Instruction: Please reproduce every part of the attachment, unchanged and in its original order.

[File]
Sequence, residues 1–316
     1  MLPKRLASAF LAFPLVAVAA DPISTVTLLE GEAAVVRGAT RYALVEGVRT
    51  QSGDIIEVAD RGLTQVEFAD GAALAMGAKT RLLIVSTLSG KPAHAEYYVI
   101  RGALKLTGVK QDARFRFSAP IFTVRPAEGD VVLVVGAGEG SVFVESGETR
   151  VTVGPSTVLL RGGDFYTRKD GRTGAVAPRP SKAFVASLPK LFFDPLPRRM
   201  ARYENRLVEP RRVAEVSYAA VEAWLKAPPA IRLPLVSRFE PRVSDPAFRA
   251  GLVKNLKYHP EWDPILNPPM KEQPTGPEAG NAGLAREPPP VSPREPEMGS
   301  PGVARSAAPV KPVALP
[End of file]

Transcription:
Sequence, residues 1–316
     1  MLPKRLASAF LAFPLVAVAA DPISTVTLLE GEAAVVRGAT RYALVEGVRT
    51  QSGDIIEVAD RGLTQVEFAD GAALAMGAKT RLLIVSTLSG KPAHAEYYVI
   101  RGALKLTGVK QDARFRFSAP IFTVRPAEGD VVLVVGAGEG SVFVESGETR
   151  VTVGPSTVLL RGGDFYTRKD GRTGAVAPRP SKAFVASLPK LFFDPLPRRM
   201  ARYENRLVEP RRVAEVSYAA VEAWLKAPPA IRLPLVSRFE PRVSDPAFRA
   251  GLVKNLKYHP EWDPILNPPM KEQPTGPEAG NAGLAREPPP VSPREPEMGS
   301  PGVARSAAPV KPVALP